xul.dll!mozilla::dom::CryptoBinding::getRandomValues(JSContext * cx, JS::Handle<JSObject *> obj, mozilla::dom::Crypto * self, const JSJitMethodCallArgs & args) Line 70 C++

And seeding the DRBG from the OS once on startup:

>   freebl3.dll!rng_init() Line 419 C
    nss3.dll!PR_CallOnce(PRCallOnceType * once, PRStatus(*)() func) Line 779    C
    freebl3.dll!RNG_RNGInit() Line 495  C
    nss3.dll!secmod_ModuleInit(SECMODModuleStr * mod, SECMODModuleStr * * reload, int * alreadyLoaded) Line 232 C
    nss3.dll!secmod_LoadPKCS11Module(SECMODModuleStr * mod, SECMODModuleStr * * oldModule) Line 480 C
    nss3.dll!SECMOD_LoadModule(char * modulespec, SECMODModuleStr * parent, int recurse) Line 1537  C
    nss3.dll!SECMOD_LoadModule(char * modulespec, SECMODModuleStr * parent, int recurse) Line 1572  C
    nss3.dll!nss_InitModules(const char * configdir, const char * certPrefix, const char * keyPrefix, const char * secmodName, const char * updateDir, const char * updCertPrefix, const char * updKeyPrefix, const char * updateID, const char * updateName, char * configName, char * configStrings, int pwRequired, int readOnly, int noCertDB, int noModDB, int forceOpen, int optimizeSpace, int isContextInit) Line 436   C
    nss3.dll!nss_Init(const char * configdir, const char * certPrefix, const char * keyPrefix, const char * secmodName, const char * updateDir, const char * updCertPrefix, const char * updKeyPrefix, const char * updateID, const char * updateName, NSSInitContextStr * * initContextPtr, NSSInitParametersStr * initParams, int readOnly, int noCertDB, int noModDB, int forceOpen, int noRootInit, int optimizeSpace, int noSingleThreadedModules, int allowAlreadyInitializedModules, int dontFinalizeModules) Line 638   C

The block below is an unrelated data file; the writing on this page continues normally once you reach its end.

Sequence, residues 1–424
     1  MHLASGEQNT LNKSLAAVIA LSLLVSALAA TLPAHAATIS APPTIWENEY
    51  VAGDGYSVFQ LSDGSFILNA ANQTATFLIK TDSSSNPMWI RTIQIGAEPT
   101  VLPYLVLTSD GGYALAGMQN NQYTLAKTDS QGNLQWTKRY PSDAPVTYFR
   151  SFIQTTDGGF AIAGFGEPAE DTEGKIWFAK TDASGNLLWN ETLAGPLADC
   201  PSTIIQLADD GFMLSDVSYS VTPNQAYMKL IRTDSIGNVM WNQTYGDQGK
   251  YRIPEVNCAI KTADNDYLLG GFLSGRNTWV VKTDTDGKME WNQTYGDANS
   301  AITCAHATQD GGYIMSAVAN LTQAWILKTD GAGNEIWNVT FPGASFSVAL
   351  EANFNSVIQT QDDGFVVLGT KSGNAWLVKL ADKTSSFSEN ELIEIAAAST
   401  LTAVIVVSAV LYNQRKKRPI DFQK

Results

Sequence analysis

nss3.dll!NSS_Initialize(const char * configdir, const char * certPrefix, const char * keyPrefix, const char * secmodName, unsigned int flags) Line 812  C
    xul.dll!mozilla::psm::InitializeNSS(const char * dir, bool readOnly, bool loadPKCS11Modules) Line 976   C++
    xul.dll!nsNSSComponent::InitializeNSS() Line 1742   C++
    xul.dll!nsNSSComponent::Init() Line 1948    C++
    xul.dll!nsNSSComponentConstructor(nsISupports * aOuter, const nsID & aIID, void * * aResult) Line 174   C++
    xul.dll!nsComponentManagerImpl::CreateInstanceByContractID(const char * aContractID, nsISupports * aDelegate, const nsID & aIID, void * * aResult) Line 1203    C++
    xul.dll!nsComponentManagerImpl::GetServiceByContractID(const char * aContractID, const nsID & aIID, void * * aResult) Line 1561 C++
    xul.dll!nsCOMPtr_base::assign_from_gs_contractid(const nsGetServiceByContractID aGS, const nsID & aIID) Line 103    C++
    xul.dll!nsCOMPtr<nsINSSComponent>::nsCOMPtr<nsINSSComponent>(const nsGetServiceByContractID aGS) Line 541   C++
    xul.dll!EnsureNSSInitialized(EnsureNSSOperator op) Line 196 C++

Conclusion

In summary, the browsers behave as expected, providing random numbers seeded by the OS crypto-safe random number generator.